Several years ago there was a book fair in Hanoi where two prized dictionaries - “Annammiticum Latinum Dictionarium” and “Latinum Annammiticum Dictionarium” – came up before the judging panel.
A handwritten version of the Chinese classic novel "Romance of the Three Kingdoms"
They had been compiled by the French priest Pigneau de Behaine, who had later given them to a fellow priest named Taberd in India in 1838. Since then they have been known as the Taberd Dictionaries.
“In my life, I never dreamed I would one day hold those two books in my hands. It was unbelievable,” remembers Mr. Nguyen Quang Tuan, the bibliophile who chaired the judging panel that day.
Time moves on, collectors die and others take their place, but one thing remains constant: the passion for owning books.
What sort of books they like to possess varies from one to the next; some like collecting rare editions while others simply like to collect their favorite authors only and care not one whit for market value. Fellow Hanoians Nguyen Dinh Thi and Vu Bang can be counted in the latter category.
Then there’s Mr. Bong of Hang Buom Street, who collects the original manuscripts of renowned writers like Nguyen Tuan, Nguyen Huy Thiep and Phung Quan.
Says his son and hobby partner: “We want to keep all the traces of an important literary period, evidence which would otherwise fade away. Of course, today’s writers mainly use computers so their scribblings won’t be lost.”
A version of "Romance of the Three Kingdoms"
One such is the artist Thanh Dam, who owns a book of verse and pictures titled “Our Country’s History” that was penned by Ho Chi Minh and published in February 1942.
The one-in-a-million book has only 16 pages, each measuring nine by thirteen centimeters and made of very fine slate. On them are etched many illustrations of historical characters like De Tham, Bui Thi Xuan, Hai Ba Trung, Ly Thuong Kiet, Tran Hung Dao and Tran Quoc Toan done by Ho Chi Minh himself.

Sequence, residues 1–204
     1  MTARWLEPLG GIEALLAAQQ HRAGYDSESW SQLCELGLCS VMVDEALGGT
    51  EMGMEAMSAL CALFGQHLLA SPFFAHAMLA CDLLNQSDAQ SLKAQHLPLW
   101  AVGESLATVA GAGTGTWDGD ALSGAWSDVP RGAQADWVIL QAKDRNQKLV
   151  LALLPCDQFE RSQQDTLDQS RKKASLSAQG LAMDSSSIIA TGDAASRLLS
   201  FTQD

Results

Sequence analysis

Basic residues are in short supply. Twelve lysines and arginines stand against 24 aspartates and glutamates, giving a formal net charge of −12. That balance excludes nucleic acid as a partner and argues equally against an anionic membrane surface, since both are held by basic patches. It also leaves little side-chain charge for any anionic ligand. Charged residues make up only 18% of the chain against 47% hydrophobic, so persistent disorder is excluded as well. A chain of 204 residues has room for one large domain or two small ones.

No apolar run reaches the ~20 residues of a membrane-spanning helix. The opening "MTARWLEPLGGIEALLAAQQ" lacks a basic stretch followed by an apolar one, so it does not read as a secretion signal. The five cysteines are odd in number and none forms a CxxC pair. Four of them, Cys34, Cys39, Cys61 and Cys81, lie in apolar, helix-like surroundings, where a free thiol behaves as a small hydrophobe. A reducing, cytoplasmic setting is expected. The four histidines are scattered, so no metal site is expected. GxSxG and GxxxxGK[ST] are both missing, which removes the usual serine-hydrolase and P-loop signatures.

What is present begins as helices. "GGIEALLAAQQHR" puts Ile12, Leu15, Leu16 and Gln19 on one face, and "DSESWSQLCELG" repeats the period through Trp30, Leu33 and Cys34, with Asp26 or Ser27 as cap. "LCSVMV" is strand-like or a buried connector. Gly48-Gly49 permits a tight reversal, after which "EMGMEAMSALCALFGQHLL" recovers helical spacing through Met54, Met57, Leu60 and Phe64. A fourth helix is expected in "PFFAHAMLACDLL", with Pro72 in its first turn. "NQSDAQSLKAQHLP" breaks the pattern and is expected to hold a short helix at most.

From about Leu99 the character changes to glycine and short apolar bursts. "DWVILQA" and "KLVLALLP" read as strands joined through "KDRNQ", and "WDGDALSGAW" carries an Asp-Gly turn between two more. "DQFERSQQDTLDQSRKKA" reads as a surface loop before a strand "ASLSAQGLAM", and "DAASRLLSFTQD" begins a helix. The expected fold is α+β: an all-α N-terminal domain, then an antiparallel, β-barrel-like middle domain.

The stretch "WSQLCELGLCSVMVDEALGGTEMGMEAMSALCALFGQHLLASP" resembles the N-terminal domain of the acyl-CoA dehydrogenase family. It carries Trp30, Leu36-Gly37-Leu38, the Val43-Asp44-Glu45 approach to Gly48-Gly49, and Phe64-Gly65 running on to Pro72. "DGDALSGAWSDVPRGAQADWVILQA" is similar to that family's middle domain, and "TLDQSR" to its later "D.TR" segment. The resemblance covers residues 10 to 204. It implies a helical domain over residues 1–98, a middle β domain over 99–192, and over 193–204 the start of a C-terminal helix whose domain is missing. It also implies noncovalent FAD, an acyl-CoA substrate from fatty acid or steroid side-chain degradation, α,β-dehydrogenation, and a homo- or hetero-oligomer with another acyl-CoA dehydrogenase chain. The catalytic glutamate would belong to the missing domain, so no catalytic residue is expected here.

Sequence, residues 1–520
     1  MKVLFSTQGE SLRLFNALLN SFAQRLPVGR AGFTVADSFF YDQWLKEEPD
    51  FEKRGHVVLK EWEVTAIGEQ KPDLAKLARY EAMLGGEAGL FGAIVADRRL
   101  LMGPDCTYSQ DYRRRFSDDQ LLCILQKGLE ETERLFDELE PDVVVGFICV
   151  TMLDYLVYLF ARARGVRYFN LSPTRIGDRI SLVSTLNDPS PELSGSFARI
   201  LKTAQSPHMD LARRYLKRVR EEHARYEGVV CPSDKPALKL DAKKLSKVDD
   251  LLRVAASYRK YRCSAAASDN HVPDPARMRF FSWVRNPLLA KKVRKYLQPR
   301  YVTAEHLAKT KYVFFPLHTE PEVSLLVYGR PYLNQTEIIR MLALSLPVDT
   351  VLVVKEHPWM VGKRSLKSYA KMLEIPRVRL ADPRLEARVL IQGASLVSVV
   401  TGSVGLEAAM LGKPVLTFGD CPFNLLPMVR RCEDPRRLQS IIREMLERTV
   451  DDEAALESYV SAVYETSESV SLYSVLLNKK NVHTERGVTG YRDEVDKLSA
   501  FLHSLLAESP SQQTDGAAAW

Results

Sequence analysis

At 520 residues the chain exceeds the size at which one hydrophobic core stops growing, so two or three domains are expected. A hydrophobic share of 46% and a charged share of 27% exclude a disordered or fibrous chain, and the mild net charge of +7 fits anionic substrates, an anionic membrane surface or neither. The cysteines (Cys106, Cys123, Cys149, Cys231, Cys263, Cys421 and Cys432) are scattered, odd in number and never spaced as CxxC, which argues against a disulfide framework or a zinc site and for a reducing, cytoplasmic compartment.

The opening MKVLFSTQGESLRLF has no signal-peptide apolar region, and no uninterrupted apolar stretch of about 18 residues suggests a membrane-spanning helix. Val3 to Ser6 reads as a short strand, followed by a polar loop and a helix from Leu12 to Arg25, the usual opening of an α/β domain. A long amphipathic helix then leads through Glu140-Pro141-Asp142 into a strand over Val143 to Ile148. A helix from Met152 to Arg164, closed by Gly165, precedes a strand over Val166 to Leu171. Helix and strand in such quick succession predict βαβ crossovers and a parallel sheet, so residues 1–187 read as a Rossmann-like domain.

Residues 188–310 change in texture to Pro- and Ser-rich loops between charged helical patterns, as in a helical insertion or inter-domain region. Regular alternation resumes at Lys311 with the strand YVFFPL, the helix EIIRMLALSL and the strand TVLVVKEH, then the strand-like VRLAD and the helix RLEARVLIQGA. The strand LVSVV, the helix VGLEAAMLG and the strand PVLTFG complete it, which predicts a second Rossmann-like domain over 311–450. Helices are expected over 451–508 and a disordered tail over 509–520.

Thanh Dam also possesses lantern-shaped and egg-shaped books as well as books that have “sliding doors” and look like a stage.
On a trip to Laos some time back, Dam bought a book with pages made of leaves and where the words and pictures had been etched with a needle and finished off with a mixture of Chinese ink and fish gall.
For their unique leaf books, the Khmer people of Cambodia and southern Vietnam like to use square-cut palmyra leaves, which are stigmatized with a needle and cooked until they turn a ripe yellow. After airing and drying, the pages get an application of loess color or Chinese ink and are covered with a kind of oil to keep out moisture and deter the worms. These are also sought by collectors.
|Old but valuable books belonging to an amateur collector|
But the biggest scoop was by a northern-born resident of the south. HM, as he calls himself, went to Da Lat in the Central Highlands and managed to get his hands on two books written over 350 years ago by Alexandre de Rhode, the brilliant French Jesuit who introduced the Roman alphabet to Vietnam in the seventeenth century.
Everyone agrees the two books are very valuable, while book collectors and international auction houses categorize them as “extremely rare”. HM must be one happy collector.
Anyone interested in a Vietnamese slant on the subject should read “The Fun of Collecting Books” by Vuong Hong Sen, a long-time collector of books and antiques who lives in Ho Chi Minh City.